clubs provide an opportunity for researchers to tackle research questions about human sexuality in a naturalistic environment
(as opposed to the more rarified environment of the laboratory). In a forthcoming paper
to be published in the Archives of Sexual Behavior
, researchers Michelle J. Escasa, Jacqueline F. Casey, and Peter B. Gray set out to investigate how men's salivary testosterone
levels would fluctuate (in comparison to a baseline measure) once they entered the sex club and either viewed (but did not participate) in sexual activity, or participated in sexual activity. They predicted that men's testosterone levels would arise across conditions but more so when engaging in sexual activity. Furthermore, they hypothesized that changes in testosterone levels would be linked to men's ages. Specifically, they predicted that the extent of the testosterone spikes would be negatively correlated with men's ages.
Here are the key findings:
(1) Men's T levels increased by 36% when in the sex club.
(2) Men who participated in sexual activities had an increase of 72% in their T levels whereas those who only watched had an 11% increase in theirs.
(3) Contrary to the authors' prediction, T increases were not correlated with men's ages.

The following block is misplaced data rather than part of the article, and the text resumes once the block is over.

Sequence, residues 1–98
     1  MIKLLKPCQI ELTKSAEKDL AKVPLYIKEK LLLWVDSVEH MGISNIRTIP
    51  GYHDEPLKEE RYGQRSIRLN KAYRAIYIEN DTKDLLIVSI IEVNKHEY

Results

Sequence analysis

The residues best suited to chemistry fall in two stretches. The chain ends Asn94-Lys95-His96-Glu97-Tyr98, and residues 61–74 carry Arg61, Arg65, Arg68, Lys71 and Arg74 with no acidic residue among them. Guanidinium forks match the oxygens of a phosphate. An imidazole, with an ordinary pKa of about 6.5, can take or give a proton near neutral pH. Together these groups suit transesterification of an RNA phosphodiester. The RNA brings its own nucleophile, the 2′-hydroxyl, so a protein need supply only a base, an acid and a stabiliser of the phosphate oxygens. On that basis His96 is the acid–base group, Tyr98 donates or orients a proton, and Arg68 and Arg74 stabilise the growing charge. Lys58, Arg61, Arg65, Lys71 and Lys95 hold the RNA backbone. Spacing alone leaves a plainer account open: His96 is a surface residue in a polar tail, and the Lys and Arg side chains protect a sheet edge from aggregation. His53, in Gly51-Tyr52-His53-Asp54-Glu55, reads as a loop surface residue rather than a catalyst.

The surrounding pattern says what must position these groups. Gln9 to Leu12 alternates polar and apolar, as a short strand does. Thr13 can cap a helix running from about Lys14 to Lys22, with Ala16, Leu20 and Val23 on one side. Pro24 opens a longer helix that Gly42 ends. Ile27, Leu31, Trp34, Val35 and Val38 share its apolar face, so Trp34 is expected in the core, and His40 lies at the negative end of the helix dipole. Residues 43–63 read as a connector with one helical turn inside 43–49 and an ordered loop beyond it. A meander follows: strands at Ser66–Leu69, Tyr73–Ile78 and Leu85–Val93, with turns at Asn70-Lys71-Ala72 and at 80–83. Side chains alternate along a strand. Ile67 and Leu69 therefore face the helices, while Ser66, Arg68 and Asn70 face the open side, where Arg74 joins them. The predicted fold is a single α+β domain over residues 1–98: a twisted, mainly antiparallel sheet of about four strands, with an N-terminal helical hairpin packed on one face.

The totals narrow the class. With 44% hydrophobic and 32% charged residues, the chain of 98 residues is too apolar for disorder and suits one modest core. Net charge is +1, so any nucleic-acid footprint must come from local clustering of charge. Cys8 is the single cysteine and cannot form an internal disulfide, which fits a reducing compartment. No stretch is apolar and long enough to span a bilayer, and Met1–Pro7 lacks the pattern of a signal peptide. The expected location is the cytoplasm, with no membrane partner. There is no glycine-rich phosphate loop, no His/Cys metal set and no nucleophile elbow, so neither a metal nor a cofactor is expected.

Note that two of the authors are women. Hence this study can't be a manifestation of "sexist male evolutionary psychologists" seeking to justify male promiscuity (unless of course the female scientists were "brainwashed" or "coerced" into conducting this study by the evil patriarchy).
Incidentally, in one of my earliest posts (see here), I discussed a study that I had conducted with John G. Vongas wherein we investigated the effects of conspicuous consumption (e.g., driving an expensive Porsche in downtown Montreal) on men's testosterone levels. This work has since been published in a special issue on the biology of business in Organizational Behavior and Human Decision Processes (see here for the abstract).
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